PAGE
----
As a teenager, I often bought clothes because they had a detail, feature, or color that I liked with little regard to whether they actually looked good on me.  As a wise old lady well into my 30s, I’m much more careful when shopping to make sure a cut and color are flattering (or at least not unflattering, as it is often difficult to find things that are actually flattering in RTW.)  

As someone still relatively new to hobby seamstressing, I find it somewhat more challenging to make things that flatter me and avoid trends that simply don’t suit me.  First of all, it’s hard to predict what something is going to look like without trying it on first, and trying it on requires making it.  Secondly though, some things just look like they’d be fun to make.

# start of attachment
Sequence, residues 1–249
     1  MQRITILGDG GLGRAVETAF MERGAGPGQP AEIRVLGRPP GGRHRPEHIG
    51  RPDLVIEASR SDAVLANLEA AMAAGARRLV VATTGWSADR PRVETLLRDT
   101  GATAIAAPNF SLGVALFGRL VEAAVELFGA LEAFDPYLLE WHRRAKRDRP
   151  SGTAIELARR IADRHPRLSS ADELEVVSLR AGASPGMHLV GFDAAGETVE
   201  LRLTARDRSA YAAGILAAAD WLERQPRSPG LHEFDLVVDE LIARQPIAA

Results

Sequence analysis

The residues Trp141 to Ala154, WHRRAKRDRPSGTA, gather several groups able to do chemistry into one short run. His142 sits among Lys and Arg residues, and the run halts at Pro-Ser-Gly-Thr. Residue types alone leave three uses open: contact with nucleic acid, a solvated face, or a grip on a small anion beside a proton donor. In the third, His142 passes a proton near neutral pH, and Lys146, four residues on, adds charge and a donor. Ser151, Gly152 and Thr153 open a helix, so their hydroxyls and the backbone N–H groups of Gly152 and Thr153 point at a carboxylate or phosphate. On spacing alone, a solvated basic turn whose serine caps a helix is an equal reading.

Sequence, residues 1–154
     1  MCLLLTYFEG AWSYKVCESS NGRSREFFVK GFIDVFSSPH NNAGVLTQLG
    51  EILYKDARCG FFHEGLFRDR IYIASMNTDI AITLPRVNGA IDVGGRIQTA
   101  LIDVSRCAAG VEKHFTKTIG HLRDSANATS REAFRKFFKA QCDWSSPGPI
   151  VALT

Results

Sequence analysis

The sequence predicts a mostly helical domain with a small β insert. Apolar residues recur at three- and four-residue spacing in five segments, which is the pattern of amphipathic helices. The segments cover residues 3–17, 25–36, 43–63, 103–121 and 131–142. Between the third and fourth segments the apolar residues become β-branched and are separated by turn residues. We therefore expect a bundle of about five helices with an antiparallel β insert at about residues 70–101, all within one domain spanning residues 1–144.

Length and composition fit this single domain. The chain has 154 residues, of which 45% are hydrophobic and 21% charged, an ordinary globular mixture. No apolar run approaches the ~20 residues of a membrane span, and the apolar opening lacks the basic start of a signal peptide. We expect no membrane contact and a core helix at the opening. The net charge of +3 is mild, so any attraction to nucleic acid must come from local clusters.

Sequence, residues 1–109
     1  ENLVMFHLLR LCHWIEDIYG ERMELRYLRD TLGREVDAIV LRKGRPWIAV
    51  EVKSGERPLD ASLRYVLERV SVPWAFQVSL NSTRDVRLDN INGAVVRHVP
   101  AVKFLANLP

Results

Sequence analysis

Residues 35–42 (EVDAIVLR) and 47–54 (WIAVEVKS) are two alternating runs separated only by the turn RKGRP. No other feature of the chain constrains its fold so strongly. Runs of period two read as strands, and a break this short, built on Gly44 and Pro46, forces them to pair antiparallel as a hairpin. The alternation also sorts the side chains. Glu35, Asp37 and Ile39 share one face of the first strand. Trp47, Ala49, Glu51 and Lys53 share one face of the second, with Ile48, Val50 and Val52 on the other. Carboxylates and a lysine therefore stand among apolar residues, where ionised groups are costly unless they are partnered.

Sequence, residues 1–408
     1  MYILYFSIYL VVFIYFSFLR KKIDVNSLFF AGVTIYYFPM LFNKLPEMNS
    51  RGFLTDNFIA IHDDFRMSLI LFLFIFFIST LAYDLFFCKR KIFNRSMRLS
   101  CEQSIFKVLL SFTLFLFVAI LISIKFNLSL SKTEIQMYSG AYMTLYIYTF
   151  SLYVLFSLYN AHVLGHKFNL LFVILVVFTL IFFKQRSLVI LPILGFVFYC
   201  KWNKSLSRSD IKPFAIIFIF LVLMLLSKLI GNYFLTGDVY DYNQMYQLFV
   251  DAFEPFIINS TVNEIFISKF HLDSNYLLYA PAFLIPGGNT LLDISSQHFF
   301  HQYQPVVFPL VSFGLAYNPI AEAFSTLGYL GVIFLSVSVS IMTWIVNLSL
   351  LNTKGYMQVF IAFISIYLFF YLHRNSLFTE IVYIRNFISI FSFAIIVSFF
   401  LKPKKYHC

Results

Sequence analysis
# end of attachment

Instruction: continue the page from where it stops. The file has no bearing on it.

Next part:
For example, this dress from Ann Taylor. It looks like it’d be an easy, satisfying draft.  Simple, elegant, dartless.  A long sleeve sloper adjusted for minimal ease, a single style line with that circular flounce inserted.  Who doesn’t love the magic of watching a circular ruffle cascade into place the first time you hold it up after stitching it?

 

But do I love this dress?  I’m not sure.  That ruffle is going to look dated quickly, the fitted knit will be unforgiving of anything but a perfectly trim figure, and I’m pretty sure the long, slim, fitted silhouette isn’t the best choice for my rather shapeless, compact frame. The back view is even making that slim and gorgeous model look pear-shaped- it can’t possibly work on me. So why are my fingers aching to draft this?

Much like the black bike shorts with the floor-length, circular, black and white striped chiffon drapes attached to the bottoms that I bought in high school (and then later gave to a tall, lanky, blond male friend who liked to dress in drag and looked amazing in them), it’s going take a while to curb that instinct.

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